While the role of promoters or founders cannot be undermined in a corporate entity, professional managers have an equal or a bigger stake in operations.
By Vijay Kumar Gupta
Indian corporate world, which till a decade ago was well-ensconced as overtly owner-driven with absolute powers, had to change tack as aspirations grew to go global. Many large Indian conglomerates packed their leadership team with professionals backed by varied experience in India and abroad. The combination worked successfully during transformative times despite executive powers lying with owners. Global ambitions, capital accessibility, collaboration and operational competence aided Indian conglomerates to expand footprints outside India through organic and inorganic ways. Corporates have bolstered global corporate governance practices by inducting independent directories and appointment of global auditors. Global capital raising was smoother and foreign institutional investors flocked. Times seem to be good for all.
But good times do not last forever. As tide turned against them, situation became hot to handle. Boardrooms became uneasy settings. Someone had to bite the bullet for all strategic decisions that turned against the corporates. First it was professional CEOs, followed by independent directors and auditors. In majority cases, owners with executive powers remained unscathed. On the other hand, shareholder value and owners’ wealth witnessed a downward spiral. Instances are Infosys, Tata, Indigo, Religare Group, Fortis, etc.
In the Infosys saga, the promoter was able to demoralise the CEO enough to call it quits. Then there was the Tata versus Mistry story—the saga was played in NCLT and business deals with the Tata Group issuing a diktat to all group companies to sever ties with the Shapoorji Pallonji group, breaking away from a century-old association.
In the Indigo dispute, both promoters put out things in the open and it also involved regulatory bodies and the government. Not only do such incidents impact stocks, but also affect the morale of employees. In the Religare saga, the dirty linen is being so publicly washed that all have become fed of the story itself. But the worst part is promoters blaming the former management for it. Management prudence towards professionals has been cast aside and professional managers have been wronged for all ills of owner’s misdeeds.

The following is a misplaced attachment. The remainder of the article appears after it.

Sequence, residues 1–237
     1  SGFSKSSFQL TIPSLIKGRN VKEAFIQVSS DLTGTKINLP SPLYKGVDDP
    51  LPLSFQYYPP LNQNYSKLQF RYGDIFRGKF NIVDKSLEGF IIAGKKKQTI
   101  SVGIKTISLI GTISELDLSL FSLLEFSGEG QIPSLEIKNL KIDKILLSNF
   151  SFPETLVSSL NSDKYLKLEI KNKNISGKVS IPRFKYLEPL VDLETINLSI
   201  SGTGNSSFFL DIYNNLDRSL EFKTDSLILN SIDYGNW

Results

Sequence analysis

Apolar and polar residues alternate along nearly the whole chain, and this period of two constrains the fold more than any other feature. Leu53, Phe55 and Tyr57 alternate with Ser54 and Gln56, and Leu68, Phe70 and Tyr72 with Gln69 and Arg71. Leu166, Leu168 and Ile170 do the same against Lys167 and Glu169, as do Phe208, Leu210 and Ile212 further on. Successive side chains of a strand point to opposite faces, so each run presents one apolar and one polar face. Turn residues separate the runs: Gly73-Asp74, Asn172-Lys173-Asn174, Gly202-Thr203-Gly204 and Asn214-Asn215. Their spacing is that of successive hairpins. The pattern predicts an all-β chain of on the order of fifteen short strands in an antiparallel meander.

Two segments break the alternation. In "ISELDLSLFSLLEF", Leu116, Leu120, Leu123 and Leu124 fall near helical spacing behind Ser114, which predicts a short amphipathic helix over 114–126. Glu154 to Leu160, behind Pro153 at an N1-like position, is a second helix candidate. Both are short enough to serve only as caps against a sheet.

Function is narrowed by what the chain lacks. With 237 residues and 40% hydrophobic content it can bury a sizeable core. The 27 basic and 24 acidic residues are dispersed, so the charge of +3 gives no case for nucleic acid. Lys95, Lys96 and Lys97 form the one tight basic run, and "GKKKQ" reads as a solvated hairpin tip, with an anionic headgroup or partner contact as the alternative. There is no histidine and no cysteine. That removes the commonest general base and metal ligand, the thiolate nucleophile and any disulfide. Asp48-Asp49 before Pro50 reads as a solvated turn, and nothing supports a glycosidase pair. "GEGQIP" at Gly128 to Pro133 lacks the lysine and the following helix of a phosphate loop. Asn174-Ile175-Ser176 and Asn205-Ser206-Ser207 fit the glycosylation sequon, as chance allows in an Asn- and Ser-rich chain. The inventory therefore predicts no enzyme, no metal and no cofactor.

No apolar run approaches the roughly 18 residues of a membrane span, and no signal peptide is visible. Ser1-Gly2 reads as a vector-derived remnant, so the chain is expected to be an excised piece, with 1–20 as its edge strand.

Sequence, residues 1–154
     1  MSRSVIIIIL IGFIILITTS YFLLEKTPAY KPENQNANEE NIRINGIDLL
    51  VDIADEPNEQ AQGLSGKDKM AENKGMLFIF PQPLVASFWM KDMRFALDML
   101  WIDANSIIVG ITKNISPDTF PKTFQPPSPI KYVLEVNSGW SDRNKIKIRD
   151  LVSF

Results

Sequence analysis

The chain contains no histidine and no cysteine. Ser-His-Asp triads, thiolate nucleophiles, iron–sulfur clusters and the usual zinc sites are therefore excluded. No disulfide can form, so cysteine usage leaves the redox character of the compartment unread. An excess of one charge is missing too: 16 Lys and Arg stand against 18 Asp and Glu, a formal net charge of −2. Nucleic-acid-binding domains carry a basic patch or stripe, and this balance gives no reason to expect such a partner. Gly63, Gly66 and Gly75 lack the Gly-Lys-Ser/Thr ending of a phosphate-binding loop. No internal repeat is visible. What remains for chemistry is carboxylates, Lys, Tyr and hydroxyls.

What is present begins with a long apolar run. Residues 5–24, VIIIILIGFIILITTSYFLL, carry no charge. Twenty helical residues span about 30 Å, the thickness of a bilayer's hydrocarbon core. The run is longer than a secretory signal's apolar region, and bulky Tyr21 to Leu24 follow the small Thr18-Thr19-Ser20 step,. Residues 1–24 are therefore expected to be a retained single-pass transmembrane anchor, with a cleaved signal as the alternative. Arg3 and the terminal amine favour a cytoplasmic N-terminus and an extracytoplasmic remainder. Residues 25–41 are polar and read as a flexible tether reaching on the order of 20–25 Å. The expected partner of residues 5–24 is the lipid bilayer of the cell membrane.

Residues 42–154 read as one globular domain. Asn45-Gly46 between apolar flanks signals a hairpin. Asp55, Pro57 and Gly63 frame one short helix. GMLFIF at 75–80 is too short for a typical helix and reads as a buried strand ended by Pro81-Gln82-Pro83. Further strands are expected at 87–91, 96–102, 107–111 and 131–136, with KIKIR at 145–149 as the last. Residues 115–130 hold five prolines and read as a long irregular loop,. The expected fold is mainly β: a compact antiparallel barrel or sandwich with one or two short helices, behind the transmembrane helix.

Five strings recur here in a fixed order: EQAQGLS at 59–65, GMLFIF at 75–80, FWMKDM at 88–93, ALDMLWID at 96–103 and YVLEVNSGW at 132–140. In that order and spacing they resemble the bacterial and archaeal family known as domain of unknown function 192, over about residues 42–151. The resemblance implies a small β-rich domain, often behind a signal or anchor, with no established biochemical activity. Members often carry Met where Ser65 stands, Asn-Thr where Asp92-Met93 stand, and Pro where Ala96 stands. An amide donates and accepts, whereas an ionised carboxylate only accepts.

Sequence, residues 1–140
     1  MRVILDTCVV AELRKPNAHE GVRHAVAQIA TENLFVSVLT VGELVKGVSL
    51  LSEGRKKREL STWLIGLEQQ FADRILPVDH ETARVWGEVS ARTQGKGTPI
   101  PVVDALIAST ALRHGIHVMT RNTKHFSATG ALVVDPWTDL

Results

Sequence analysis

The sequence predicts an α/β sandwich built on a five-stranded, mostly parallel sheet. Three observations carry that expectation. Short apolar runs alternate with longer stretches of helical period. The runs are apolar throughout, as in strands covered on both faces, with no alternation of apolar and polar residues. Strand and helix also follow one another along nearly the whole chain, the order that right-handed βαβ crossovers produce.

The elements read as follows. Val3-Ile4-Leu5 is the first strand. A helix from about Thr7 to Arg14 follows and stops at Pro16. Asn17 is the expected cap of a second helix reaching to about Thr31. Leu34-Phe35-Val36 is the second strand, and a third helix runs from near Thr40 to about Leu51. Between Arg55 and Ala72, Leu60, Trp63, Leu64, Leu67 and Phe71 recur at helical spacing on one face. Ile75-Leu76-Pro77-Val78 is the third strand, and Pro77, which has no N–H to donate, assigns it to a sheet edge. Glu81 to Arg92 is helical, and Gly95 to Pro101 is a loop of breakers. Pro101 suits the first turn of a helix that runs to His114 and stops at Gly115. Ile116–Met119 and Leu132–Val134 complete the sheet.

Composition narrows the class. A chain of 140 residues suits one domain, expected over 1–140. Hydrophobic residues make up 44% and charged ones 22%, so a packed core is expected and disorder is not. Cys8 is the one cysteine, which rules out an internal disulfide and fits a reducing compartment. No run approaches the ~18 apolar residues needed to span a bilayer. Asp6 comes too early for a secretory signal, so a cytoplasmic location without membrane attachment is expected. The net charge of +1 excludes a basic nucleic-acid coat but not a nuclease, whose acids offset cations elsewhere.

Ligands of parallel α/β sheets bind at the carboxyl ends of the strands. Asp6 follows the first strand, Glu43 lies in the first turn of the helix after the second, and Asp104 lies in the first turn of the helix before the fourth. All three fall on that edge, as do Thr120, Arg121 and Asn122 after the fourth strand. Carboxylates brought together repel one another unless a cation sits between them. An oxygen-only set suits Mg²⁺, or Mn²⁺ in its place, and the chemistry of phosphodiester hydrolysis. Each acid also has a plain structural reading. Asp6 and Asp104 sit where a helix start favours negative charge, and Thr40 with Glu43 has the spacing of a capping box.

The debate over management powers with promoters versus those with professionals may be as old as corporate entities came into being. While it may be a worldwide phenomenon, it is much bigger an issue in India.
The issue that is being raised in boardrooms is whether the Indian promoter’s mindset has developed to co-opt professional managers as one of their own. Promoters only take professional managers as employees, or subservient. We have seen the best of professional managers belittled, humiliated in most unprofessional manners in Indian corporates. Promoters tend to have a big say in making all critical calls for a company, while professionals are there to be blamed for everything that goes wrong. It may be a professional’s mandate to turn around a dud project or infuse energy in a dead atmosphere; if he succeeds, the credit goes to the visionary promoter. A professional is as good as his last assignment and as long as he can manage to be subservient of the promoter. We have seen so many competent and experienced professionals in cross hairs of regulatory authorities.
Despite promoters controlling 15-20% stake in listed companies, several promoters continue to wield power even if they are proven to be inefficient, selfish. Today, the quality of management and key management persons at the helm are among the investment criteria for serious investors. The name of promoters is not enough any more to drive valuations. We are witnessing many promoters (particularly in the real estate development sector) queuing up before courts.
Investors, in many cases, want the company to run in clean, open, transparent, professional ways. However, their pleas fall on deaf ears, and promoters carry on undeterred.
While the role of promoters or founders cannot be undermined in a corporate entity, professional managers have an equal or a bigger stake in operations. They are professionally qualified and trained to run and turnaround business, which promoters may be lacking.
Unless given a free hand, a professional cannot optimise the resources made available by promoters. If there is insecurity, distrust, oneupmanship playing in the minds of promoters, it does not translate into a conducive atmosphere for the management team.
Promoters and managers have to be in sync for any institution or corporate to succeed. Beyond a level, promoters’ engagement should be limited and the management should be best left to professional managers.